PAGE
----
One of my tasks at my internship, among loads of other things, was to take on the job of coordinating and moderating (and eventually trouble-shooting) a Green Development Center webcast. Now...I've given plenty of presentations within an academic context, but not many in the professional world, and a total of zero web-based ones. This was new territory, but it's been a cool experience learning in the last couple months about the process of developing one and just researching and getting educated on the topic itself.
I've heard about off-site (or modular) cnstruction a little bit, but just imagined cranes swinging boxes in the air - very cookie cutter building and not very interesting. However, after chatting quite a bit with the panelists, who are all experts in the field, I soon realized that there was a lot more to it. It means that buildings can still be customized, but instead of constructing it directly in the site ("stick building"), it's fabricated in the controlled environment of a factory and then shipped and placed with a crane. The regulated atmosphere doesn't automate the process necessarily (not a conveyor belt, but still people doing the work), but it makes it faster, often cleaner, and more integrated of a process.
This diagram from some UVA students was helpful in illustrating how off-site construction goes from factory to site:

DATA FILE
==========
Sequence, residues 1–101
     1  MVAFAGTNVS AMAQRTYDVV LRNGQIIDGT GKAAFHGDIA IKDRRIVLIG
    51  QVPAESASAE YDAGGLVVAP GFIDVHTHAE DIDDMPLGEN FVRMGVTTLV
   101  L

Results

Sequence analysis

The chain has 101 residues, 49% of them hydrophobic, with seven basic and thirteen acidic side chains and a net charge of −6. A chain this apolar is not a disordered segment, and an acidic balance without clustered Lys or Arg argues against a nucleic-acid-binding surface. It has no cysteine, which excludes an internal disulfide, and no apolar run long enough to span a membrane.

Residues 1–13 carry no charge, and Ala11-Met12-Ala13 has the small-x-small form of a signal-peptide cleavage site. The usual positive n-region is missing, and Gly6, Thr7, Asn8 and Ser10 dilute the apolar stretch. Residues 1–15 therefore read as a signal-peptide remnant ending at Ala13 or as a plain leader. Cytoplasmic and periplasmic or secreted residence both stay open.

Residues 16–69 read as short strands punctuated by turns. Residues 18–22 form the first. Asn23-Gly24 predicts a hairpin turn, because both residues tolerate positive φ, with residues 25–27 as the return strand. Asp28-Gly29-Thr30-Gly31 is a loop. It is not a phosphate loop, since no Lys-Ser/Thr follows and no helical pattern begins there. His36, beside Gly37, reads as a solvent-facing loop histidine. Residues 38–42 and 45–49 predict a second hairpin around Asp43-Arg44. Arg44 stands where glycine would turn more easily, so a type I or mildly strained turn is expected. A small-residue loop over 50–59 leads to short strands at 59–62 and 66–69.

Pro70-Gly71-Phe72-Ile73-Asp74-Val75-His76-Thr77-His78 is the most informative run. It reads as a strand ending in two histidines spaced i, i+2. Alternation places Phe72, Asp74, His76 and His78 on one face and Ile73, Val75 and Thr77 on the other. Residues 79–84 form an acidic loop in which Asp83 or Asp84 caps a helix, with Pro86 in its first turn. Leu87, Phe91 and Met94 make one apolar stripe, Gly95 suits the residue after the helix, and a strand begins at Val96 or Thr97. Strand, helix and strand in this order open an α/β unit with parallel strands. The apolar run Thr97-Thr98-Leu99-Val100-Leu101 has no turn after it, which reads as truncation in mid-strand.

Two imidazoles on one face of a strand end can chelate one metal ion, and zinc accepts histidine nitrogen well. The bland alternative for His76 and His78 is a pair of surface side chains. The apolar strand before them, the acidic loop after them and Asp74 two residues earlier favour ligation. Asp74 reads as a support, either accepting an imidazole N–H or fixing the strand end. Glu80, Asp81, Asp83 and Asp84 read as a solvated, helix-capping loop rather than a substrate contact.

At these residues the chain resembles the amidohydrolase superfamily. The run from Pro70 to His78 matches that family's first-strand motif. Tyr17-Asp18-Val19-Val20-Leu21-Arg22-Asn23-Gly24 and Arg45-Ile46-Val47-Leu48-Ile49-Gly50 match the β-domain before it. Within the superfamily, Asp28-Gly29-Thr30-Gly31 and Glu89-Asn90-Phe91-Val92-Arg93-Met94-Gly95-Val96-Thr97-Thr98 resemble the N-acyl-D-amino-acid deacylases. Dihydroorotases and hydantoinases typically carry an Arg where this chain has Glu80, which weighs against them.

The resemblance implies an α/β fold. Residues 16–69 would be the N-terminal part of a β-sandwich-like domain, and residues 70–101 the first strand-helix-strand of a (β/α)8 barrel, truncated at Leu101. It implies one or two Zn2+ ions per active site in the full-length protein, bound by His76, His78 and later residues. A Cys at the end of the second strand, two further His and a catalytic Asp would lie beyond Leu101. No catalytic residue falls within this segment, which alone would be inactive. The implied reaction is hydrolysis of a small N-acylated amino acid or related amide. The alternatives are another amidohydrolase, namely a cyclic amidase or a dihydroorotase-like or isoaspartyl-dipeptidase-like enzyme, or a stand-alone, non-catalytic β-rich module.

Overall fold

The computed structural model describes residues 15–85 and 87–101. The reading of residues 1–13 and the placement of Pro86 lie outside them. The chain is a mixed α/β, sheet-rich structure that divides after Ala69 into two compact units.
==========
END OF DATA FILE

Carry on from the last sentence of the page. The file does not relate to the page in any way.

Then...take 2 months' worth of research, conference calls, and ta-da!
The hour and a half went well yesterday, despite some technical hiccups. Wahoo - that's one big project done.
I won't go into length about off-site construction itself, but some of the things I noticed:
- The making of a good Powerpoint is KEY - and I was shocked at how many presentations (not necessarily those of the presenters, but just in general) were just..not...very...good. And they're being shown in very professional settings, so I guess I've taken for granted, being in the design world, how important aesthetics and just plain readability are in getting your point across.
- Off-site construction and other systems-based building techniques aren't taught at all in school. I suppose they border on the building science side of things, which has a weird role in academia. One of the panelists seemed gung-ho about me bringing this back to the classroom realm...but we'll see what happens.
- Coordinating 3 busy people for a slew of conference calls and meetings, across time zones nonetheless, is a little stressful. To say the least. We got through it, though, and I was pleasantly surprised - and grateful - how, despite the many reschedules, these professionals were really flexible and willing to put the effort into this presentation even though it was a voluntary effort.